Britain, what the fuck were you thinking?

Star Trek was making its way back into popularity in the 1980s thanks to the string of successful movies that were being released. Naturally with big popularity there is bound to be somebody who tries to cash in and makes you want the phenomenon to go away. Such is the case of Star Trekkin’; as much as I love Star Trek this song is absolutely abysmal. The vocals are some of the most annoying to ever reach number 1 in the UK – the vocals in the chorus alternate between obnoxiously deep and horrendously squeaky, both of which make you want to claw your eardrums out with a toothpick. But that’s nothing compared to the verses which feature annoying warped voices for the aliens, as well as terrible voices for most of the USS Enterprise. The nadir of this is “Uhura’s” voice which is horrendously nasal, sounding like Lois Griffin as she barks “THERE’S KLINGONS ON THE STARBOARD BOUND” over and over. To add insult to injury the main melody sounds like a particularly banal nursery rhyme with the same lines being repeated over and over ad nauseum in a horrendous sing-song manner, which all add to the song becoming a monster of an ear worm that will never leave your thoughts much to your eternal displeasure. The song’s speeding up at the end is also stupid and annoying, leading to a conclusion of what sounds like demonic chipmunks bellowing the chorus one last time at you, leaving you in more absolute pain as you end.

Star Trekkin’ is a song about Star Trek that’s aimed squarely at people who don’t like Star Trek. It’s aimed at the kind of people who claim to be nerds but only have a knowledge of nerdy things through The Big Bang Theory. It’s a song that makes the dreadful Doctor Who charity single Doctor in Distress sound like Space Oddity. It’s likely one of the reasons why Star Trek gets mocked so much. It’s a song that would make the happiest of men into a complete Vulcan from how dreadful it is. And yet it lived long and prospered on the UK charts. Beam this one off, Scotty.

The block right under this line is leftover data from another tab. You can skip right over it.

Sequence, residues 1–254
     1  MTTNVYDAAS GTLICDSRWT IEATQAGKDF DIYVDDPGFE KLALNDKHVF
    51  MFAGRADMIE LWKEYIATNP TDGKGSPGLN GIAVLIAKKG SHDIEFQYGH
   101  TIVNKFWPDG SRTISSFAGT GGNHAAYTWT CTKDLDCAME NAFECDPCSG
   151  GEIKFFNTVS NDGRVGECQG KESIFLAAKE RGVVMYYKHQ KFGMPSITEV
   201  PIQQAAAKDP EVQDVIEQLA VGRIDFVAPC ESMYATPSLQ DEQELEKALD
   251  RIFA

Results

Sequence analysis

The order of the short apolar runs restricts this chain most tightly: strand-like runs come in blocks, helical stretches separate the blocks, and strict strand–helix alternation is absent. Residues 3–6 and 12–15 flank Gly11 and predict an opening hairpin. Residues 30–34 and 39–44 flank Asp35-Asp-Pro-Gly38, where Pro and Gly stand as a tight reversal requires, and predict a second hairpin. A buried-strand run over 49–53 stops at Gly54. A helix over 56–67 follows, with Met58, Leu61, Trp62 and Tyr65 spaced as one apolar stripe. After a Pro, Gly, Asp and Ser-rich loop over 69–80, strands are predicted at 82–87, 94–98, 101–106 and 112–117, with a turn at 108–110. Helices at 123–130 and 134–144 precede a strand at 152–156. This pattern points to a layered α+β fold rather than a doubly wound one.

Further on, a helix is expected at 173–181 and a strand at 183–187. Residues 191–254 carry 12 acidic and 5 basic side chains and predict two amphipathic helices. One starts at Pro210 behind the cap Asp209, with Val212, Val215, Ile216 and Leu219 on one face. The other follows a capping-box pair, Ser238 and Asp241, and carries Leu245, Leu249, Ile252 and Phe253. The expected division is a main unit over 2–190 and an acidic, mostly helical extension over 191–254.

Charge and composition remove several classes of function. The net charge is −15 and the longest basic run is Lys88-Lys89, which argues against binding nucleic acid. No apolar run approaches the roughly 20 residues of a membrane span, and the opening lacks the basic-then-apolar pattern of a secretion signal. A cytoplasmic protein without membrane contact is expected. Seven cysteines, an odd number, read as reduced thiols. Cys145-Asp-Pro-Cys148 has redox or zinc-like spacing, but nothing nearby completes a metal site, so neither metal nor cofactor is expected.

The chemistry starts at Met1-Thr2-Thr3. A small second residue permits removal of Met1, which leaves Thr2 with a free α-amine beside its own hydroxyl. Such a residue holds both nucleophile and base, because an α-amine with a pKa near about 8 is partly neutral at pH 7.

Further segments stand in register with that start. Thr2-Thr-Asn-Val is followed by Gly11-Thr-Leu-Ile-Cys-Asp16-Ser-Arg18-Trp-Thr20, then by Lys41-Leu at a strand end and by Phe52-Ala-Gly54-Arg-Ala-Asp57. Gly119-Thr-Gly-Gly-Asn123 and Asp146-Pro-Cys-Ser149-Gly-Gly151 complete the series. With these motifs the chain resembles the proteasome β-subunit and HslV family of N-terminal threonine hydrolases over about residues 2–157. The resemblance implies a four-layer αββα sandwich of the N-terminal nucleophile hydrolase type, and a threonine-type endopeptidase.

• It’s a Sin – Pet Shop Boys – 3 weeks, June 28th to July 18th

The complete antithesis to the last piece of absolute dreck is this gem of a number by Neil Tennant and Chris Lowe. Their second album Actually was a real step up from their already good first record Please and leadoff single It’s a Sin demonstrated their skills once again. It’s a mixture of a strong pop song and an even more artistic sounding statement; the whole number has a very haunting feeling to it with its keyboards and synthesised orchestral arrangements, giving the song a much darker feel than West End Girls. Tennant meanwhile sounds much more contemplative in his singing as he soars all throughout the song, belting out the lyrics with fine passion. Those lyrics are also wonderfully sardonic as is to be expected from the Pet Shop Boys, discussing the Roman Catholic upbringing of Tennant and how almost everything he did was seen as being sinful in some kind of way. This overall leads to a song that can be best described as thinking man’s dance music, a spooky and effective number that challenges themes such as religion and yet never gets bogged down by these themes.

  • Who’s That Girl – Madonna – 1 week, July 19th to July 25th